A way for you to further study rainfall in your own area or garden is to create your own rain gauge.  Rain gauges are used to measure the amount of rainfall over a specific period of time, allowing you to understand how much rain your yard, garden, farm or town is receiving.  Rain gauges are especially interesting for young children, as they can discover how much rain a storm or shower actually generates.  Below are instructions to create your own rain gauge out of items you probably have around your home!  One fun activity to do with children and a rain gauge is to ask them to guess how much water came from the storm.  Then, have them go out and check their rain gauge.  Another activity is to ask how much rain your gauge will collect during a short, heavy storm and during a long, light rainfall.  Use your rain gauge to measure your results.  Other thought-provoking questions to ask children are:

-What do you think happens to the rain after it hits the ground?

-How much rain do you think we get in a week? A month? A summer? A year?

-Why is rain important for the planet? Why is rain important for you and me?

-What changes do you notice outside after it rains?

-What do you like to do in the rain? (If they answer “stay inside and watch movies” suggest building a mud castle, splashing in puddles, or dancing and singing in the rain!)

To make a rain gauge yourself, all you need is an empty, plastic soda bottle, scissors, tape, labels (follow the link at the end of the post for more information).

  1. First, cut the top off of your soda bottle (the top, funnel-like part)rain infographic
  2. Flip the top over and tape it upside down to the opening (this is a funnel for your rain!)
  3. Print the scale labels (see link below) and tape it to the side of your gauge.
  4. Fill the gauge with water up to the 0” mark, which will keep the gauge from tipping over.
  5. Collect your rain and discuss your results!

For more detailed instructions and images, follow the link:

http://achieve.weatherbug.com/Brainstorm/Activities/MakingARainGauge.pdf

July: Embrace the Power of Sun and Rain

July 3, 2014

Are you new to Homegrown Challenges?  If so, click here for more information.

In the outdoor garden, your plants get their energy largely from the elements: sun and rain.  Both are powerful, and you need the right amounts of sunlight and water for a successful garden.  While we can’t control the weather, we can harness the power of the sun and rain to help us.  Turning on the faucet or the oven indoors uses energy, which is largely produced from fossil fuels- non-renewable resources whose use often pollutes the earth.  So whenever possible, it’s great to use the sun or rain instead- to cook, water, or dry.

Follow the July challenges below to embrace the power of sun and rain.  When you do, snap a photo and let us know.  Submitted challenges count towards admission to a free celebration at Phipps Conservatory, and entry into this month’s drawing for four free passes to Phipps!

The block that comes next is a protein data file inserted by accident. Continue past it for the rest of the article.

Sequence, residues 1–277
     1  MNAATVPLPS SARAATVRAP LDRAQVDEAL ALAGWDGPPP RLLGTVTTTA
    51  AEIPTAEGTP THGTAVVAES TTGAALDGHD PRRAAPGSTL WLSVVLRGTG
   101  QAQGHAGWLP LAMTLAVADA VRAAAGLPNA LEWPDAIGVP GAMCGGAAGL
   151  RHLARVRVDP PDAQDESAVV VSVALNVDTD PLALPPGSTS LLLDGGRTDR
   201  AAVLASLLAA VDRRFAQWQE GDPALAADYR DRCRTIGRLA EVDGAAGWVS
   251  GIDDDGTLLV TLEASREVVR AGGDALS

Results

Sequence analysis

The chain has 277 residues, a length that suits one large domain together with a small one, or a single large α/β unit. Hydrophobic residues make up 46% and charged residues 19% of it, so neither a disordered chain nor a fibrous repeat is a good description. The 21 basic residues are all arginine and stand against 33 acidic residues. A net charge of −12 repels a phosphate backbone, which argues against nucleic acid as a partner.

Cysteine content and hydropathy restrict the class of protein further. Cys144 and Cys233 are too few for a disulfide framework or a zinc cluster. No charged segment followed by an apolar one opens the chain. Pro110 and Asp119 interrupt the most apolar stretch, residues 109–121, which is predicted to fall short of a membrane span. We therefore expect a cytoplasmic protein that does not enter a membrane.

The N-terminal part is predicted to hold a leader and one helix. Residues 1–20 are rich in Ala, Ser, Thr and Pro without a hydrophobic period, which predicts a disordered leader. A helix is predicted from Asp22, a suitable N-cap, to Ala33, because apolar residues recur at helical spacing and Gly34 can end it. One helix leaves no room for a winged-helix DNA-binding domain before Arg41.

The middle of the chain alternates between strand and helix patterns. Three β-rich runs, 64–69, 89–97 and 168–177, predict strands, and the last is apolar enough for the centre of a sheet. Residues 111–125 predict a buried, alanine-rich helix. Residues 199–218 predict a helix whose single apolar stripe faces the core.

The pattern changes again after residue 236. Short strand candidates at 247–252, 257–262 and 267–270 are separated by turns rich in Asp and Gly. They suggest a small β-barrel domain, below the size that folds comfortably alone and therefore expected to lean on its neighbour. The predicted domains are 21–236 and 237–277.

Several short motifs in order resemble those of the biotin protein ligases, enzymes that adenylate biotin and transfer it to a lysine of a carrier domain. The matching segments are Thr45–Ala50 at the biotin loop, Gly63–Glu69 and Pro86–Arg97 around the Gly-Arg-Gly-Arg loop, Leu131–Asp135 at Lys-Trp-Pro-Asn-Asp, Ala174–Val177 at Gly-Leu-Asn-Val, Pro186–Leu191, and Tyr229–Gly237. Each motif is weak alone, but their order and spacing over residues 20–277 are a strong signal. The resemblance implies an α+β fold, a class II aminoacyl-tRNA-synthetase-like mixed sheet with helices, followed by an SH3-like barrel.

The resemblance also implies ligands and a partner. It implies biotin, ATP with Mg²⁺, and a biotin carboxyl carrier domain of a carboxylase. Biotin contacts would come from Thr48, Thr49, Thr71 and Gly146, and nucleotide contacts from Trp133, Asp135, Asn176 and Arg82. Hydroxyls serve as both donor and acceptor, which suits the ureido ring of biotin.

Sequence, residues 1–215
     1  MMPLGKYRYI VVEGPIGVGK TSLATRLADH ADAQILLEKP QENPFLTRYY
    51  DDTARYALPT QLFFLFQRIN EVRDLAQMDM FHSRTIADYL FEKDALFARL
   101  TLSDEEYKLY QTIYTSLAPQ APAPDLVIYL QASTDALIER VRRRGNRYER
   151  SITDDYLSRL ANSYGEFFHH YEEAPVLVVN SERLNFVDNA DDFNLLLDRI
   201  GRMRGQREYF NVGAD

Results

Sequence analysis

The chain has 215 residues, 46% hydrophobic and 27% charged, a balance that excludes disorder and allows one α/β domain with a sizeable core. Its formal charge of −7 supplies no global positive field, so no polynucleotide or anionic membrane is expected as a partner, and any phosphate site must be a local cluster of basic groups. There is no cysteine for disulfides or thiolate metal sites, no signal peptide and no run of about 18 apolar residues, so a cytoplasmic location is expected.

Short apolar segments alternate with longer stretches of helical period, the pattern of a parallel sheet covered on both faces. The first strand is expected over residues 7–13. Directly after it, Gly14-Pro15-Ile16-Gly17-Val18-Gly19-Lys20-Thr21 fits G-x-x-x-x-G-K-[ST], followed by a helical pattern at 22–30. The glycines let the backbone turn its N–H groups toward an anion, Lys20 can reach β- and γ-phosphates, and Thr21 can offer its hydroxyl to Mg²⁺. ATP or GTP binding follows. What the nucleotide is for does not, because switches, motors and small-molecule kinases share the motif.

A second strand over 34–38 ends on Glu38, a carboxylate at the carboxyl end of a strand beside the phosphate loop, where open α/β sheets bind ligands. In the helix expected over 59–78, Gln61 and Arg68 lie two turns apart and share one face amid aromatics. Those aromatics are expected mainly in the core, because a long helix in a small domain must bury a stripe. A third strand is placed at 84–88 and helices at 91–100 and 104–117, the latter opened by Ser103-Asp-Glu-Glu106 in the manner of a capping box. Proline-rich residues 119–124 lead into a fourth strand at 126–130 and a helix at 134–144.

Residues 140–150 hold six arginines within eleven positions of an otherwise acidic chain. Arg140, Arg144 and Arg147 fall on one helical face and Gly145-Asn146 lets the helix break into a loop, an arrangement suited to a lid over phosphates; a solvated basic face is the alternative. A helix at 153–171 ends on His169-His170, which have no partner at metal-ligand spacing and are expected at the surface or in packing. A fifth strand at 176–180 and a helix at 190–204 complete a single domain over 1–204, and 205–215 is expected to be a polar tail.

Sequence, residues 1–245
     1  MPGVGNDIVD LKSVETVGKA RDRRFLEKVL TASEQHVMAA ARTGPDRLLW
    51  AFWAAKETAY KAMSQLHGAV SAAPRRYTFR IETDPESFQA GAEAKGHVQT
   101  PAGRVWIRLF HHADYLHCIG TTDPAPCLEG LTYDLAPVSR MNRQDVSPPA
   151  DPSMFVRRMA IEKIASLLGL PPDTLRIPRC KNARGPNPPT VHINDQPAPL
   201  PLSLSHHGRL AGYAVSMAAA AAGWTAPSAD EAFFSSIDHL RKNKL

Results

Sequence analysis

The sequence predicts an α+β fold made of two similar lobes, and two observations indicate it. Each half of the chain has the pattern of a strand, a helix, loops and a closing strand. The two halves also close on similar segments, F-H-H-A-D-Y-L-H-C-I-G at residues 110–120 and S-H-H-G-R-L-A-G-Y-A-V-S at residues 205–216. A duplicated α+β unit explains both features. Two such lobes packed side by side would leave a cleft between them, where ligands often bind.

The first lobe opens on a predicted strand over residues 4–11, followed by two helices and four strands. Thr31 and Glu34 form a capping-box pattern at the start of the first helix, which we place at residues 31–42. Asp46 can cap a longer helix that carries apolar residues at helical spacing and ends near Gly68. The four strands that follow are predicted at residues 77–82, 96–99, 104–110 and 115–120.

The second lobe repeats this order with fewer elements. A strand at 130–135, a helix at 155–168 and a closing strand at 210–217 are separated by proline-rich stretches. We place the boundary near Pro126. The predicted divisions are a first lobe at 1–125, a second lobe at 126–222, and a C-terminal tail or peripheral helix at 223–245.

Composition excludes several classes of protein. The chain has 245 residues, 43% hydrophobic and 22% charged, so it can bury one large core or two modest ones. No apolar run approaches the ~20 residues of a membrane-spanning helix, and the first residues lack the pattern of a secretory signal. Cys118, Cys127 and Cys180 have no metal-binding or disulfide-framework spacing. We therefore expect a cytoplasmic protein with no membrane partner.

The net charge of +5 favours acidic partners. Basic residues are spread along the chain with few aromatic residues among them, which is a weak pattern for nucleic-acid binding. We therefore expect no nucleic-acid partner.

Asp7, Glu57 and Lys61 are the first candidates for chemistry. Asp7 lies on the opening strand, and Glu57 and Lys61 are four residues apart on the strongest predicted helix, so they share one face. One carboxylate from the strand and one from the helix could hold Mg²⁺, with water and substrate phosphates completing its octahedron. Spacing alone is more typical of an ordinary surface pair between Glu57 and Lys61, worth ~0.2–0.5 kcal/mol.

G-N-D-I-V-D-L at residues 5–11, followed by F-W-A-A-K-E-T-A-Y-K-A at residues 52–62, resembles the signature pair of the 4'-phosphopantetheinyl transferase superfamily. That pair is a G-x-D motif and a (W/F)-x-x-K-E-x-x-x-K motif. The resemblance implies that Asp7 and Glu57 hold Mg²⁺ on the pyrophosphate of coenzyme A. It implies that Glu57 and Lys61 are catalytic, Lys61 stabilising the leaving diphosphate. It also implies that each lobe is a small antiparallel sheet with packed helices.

TASTE: Cook with the sun.

Brew sun tea, or make and cook with a solar oven.

GARDEN: Use a rain gauge to measure rainfall in your garden.

You can purchase a rain gauge, or make one at home.  Try recording the rainfall your garden gets for a week, and use the information to water accordingly.

VISIT: Attend a rain barrel workshop and/or install one at your home.

MAKE: Set up a clothesline, and use it to dry clothes instead of your dryer.

Using a clothesline saves energy and money!  Place your line in the shade, to keep colors from fading.

 

Have another idea?  If you have an idea for a different activity, or you want to take it a step further, go ahead!  Just send us a description and photo, and if it relates to the theme we’ll count it.

All submissions should be sent to homegrown@phipps.conservatory.org, and include a photo, your name, and the challenge(s) you completed.

 

Scouting for Bugs

June 5, 2014

The transition of spring to summer is one of the best times to spot emerging insects that have been overwintering. If you’re curious as to what friendly neighborhood insects you have patrolling your backyard, grab your best magnifying glass and take some time to venture outside. Depending on the time of day and weather conditions, you’re bound to find a different array of insects.

Red Milkweed Beetle (Tetraopes tetrophthalmus)

Red Milkweed Beetle (Tetraopes tetrophthalmus)

The morning is one of the best times to spot insects due to limited activity from low sunlight and cooler temperatures. Insects at this time of day will be slow moving, allowing greater time for visual inspection. They will most likely be found at the base of plants or on the undersides of leaves. Early summer inspections will result in beetle larvae, caterpillars, and various true bugs that have overwintered as adults, such as stink bugs. It is important to note that a majority of insects at this time of year will be early in development, so a once familiar-looking adult insect may not be as distinct as remembered. A common way to identify an insect is to first identify the plant. A majority of insects are host specific, meaning they will only feed on that particular plant and can be distinguished accordingly.

By noon on a sunny day, a different assemblage of insects can be discovered. Flowers will hold many different pollinators that include bees, wasps, ants, beetles, and plant bugs. A commonly found insect are sweat bees. These are small, brightly colored bees with often a metallic abdomen or thorax. The underside of flowers can sometimes hold crab spiders, ambush bugs, wheel bugs, or jumping spiders. These predatory arthropods use their camouflage to their advantage as they sit in wait for an unsuspecting meal to arrive. If observing the soil, centipedes, millipedes, sowbugs, and springtails are just a few arthropods to name you might find. Centipedes are quick and predatory insects with one leg per segment, whereas millipedes are slow detritivores (feeding on decayed matter) with 2 legs per body segment. It is important to have a sense of what the insect is, and helps to carry around a field guide for further identification. Field Guide to Insects and Spiders of North America by Arthur Evans is a great field guide if you’re looking to better your understanding of the insects around you.